Now, with the promise of safe, clean power, available for everyone, you could easily take the same idea and testing and research and apply it to commercial airlines. Imagine if you will, a jet the size of a 747 that is able to fly anywhere in the world without refueling.
Fuel is roughly 35 percent of the operating cost for airlines. Granted, this is likely to have a big impact on capital expenditures but fuel expenses are the biggest reason for flying smaller jets and cut backs in operations. It would allow airlines to commonize fleets. This would in turn reduce maintenance expenses from having to have multiple airplanes and staff trained in maintenance. Dare I say it, it would improve flying in general because with aircraft size not being a limitation, row spacing could increase and everyone's bane of flight, no leg room, would no longer be an issue. Embrace the fusion, be happy, fly happy. Ok, that went a little too far.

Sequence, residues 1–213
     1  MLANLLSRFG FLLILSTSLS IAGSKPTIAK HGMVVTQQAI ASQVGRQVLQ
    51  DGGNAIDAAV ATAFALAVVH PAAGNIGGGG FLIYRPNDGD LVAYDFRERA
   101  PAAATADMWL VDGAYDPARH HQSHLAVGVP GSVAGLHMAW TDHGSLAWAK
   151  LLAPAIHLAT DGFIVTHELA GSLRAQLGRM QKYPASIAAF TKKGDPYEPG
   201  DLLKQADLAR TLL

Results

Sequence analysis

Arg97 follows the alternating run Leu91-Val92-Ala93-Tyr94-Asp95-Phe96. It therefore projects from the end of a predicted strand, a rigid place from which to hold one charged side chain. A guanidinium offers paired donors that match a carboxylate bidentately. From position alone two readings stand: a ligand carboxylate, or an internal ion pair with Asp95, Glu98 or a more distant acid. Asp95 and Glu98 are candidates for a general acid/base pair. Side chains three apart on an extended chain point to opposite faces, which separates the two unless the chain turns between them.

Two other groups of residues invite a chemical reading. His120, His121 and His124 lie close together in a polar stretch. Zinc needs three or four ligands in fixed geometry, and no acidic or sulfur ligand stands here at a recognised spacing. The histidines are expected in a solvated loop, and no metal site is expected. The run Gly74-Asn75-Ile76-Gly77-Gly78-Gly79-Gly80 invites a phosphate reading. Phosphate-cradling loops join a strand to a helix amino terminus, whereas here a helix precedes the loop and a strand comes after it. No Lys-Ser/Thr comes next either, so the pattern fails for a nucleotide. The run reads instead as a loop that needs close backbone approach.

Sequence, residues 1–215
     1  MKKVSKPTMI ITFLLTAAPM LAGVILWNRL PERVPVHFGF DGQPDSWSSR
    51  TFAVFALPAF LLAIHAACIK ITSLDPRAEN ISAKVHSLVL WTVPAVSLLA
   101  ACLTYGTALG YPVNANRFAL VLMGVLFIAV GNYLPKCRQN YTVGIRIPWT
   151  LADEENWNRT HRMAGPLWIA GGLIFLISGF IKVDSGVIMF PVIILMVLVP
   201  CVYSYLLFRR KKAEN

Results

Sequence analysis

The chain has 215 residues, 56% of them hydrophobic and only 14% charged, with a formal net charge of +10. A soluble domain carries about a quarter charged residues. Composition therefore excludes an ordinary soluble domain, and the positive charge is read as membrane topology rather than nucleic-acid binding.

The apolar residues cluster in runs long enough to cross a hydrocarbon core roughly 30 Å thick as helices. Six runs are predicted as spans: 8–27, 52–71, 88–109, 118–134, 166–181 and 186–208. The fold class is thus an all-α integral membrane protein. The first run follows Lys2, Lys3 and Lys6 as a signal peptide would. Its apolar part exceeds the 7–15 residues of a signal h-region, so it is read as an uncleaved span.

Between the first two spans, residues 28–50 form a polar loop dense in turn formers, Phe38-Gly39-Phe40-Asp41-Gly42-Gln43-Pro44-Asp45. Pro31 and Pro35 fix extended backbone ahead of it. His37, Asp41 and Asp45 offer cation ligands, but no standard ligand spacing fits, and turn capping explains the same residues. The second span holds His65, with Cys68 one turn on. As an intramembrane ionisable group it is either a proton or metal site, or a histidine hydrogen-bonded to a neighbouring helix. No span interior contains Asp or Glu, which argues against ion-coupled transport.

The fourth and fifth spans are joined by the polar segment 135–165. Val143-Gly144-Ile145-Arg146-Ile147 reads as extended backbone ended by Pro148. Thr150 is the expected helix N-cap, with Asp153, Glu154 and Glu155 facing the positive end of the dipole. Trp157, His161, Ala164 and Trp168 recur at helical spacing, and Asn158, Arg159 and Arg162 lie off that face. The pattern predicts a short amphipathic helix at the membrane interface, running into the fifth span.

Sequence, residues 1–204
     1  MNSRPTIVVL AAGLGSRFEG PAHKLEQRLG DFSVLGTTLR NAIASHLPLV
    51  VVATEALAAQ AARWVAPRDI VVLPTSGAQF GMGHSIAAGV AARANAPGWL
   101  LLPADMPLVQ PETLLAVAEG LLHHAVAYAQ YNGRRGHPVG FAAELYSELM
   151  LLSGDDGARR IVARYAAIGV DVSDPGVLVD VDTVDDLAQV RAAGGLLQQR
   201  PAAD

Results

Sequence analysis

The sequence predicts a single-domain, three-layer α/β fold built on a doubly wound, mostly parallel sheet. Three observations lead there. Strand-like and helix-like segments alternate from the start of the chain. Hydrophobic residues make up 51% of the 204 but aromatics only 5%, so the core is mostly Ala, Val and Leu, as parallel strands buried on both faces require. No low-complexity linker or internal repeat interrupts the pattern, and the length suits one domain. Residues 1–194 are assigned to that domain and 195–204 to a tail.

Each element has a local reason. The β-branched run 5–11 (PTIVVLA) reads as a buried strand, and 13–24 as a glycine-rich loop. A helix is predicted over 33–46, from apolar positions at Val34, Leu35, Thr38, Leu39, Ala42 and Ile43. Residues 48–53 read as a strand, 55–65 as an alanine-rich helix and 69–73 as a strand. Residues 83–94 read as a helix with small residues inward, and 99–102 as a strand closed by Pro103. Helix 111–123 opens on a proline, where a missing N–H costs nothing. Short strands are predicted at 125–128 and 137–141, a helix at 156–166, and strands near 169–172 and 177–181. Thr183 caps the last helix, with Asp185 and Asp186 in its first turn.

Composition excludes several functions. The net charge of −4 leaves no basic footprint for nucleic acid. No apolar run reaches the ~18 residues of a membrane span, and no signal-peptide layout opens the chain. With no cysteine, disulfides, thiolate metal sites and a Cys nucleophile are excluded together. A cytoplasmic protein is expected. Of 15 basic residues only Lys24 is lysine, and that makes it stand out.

Anyway, what else can you do? Rockets! Yep, again, in the 50s, they not only tested jet engines with nuclear reactors, they tested rocket engines.
This is the same idea of using nuclear fission (fusion) as a heat source. A propellant (the diagram says hydrogen but it really doesn't matter what it is as long as it's liquid) is run over a reactor, heated, pressurized, and forced through a nozzle to create thrust.
Again, they actually got to the point of testing this and at one point it was considered as an alternative for the Apollo program.
(The test engine was never intended to fly and was named Kiwi as a reference to the flightless bird. See, engineers have a sense of humor)